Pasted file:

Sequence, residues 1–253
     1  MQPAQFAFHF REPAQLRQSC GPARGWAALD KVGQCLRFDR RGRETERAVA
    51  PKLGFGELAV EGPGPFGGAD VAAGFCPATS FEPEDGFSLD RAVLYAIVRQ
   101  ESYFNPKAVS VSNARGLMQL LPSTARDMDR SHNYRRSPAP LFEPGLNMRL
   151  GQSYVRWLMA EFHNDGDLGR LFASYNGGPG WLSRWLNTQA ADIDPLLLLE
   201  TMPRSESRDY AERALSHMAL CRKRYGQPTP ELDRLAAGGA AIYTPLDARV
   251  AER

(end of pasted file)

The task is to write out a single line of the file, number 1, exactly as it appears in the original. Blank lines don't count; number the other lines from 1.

Sequence, residues 1–253